Evanston aldermen voted Monday to ask voters next March whether the city should conduct local elections on a nonpartisan basis.

In practice Evanston has conducted elections without partisan labels for decades. But officials discovered after a controversy about filing deadlines during the 2017 campaign that the city apparently never conducted the referendum required by the state constitution to switch a municipality from the default partisan, or party label election model, to the nonpartisan option.

Of the eight aldermen present for the discussion, only Alderman Tom Suffredin, 6th Ward, voted against putting the referendum on the ballot.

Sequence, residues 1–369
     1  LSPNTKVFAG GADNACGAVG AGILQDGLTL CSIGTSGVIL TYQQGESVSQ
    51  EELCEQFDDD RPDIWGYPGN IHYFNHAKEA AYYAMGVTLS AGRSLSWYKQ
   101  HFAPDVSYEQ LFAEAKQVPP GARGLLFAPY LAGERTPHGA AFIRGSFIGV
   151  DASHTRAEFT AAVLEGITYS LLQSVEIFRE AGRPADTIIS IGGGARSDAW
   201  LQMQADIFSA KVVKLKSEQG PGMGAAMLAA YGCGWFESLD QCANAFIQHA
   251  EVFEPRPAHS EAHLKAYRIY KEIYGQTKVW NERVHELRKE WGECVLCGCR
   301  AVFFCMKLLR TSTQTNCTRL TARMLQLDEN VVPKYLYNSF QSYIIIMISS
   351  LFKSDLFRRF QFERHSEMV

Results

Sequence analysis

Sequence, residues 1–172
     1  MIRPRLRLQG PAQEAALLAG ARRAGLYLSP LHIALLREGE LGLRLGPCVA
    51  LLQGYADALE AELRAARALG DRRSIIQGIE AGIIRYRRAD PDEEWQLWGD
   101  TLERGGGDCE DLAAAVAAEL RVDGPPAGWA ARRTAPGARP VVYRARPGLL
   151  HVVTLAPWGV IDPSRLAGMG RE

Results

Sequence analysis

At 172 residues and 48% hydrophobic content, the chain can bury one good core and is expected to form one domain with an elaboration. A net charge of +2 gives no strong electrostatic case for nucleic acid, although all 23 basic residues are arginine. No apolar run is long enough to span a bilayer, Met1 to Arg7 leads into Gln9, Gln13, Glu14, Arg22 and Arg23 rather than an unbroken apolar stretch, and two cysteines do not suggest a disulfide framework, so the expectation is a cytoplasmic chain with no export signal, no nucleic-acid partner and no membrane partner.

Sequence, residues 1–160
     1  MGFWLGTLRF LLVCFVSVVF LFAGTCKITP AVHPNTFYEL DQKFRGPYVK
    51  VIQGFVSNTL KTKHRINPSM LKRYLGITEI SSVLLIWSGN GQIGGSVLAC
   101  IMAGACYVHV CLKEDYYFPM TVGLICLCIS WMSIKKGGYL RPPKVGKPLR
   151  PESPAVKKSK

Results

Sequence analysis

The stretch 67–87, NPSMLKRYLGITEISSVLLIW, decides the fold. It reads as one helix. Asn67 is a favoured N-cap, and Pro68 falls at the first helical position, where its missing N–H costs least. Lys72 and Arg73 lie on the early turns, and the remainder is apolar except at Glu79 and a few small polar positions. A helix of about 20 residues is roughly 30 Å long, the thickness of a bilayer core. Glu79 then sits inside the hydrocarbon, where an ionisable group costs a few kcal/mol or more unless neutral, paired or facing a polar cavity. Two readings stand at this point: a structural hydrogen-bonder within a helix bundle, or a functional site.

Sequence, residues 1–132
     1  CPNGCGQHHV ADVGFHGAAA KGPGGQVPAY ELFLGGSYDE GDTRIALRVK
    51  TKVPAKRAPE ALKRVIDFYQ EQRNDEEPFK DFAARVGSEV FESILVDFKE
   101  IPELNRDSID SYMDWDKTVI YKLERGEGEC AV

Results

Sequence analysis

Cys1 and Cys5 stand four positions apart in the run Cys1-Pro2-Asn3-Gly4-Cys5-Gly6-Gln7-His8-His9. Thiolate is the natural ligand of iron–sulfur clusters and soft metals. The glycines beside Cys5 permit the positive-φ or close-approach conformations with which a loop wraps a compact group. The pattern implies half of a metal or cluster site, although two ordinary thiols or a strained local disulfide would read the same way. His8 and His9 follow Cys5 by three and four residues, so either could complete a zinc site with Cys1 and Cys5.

He had previously indicated he favored having an in-depth discussion about the merits of partisan versus nonpartisan elections before holding a referendum.

However discussion at the meeting indicated that the referendum alone would still leave confusion over the city’s election procedures — in part because of a referendum voters approved in 1992 that calls for holding a mayoral primary any time two or more candidates are seeking the office.

That could leave mayoral candidates with different filing deadlines than candidates for alderman and city clerk.

The City Council voted to schedule a special meeting later this month to try to come up with an approach that would further simplify the process.

Bill Smith is the editor and publisher of Evanston Now.

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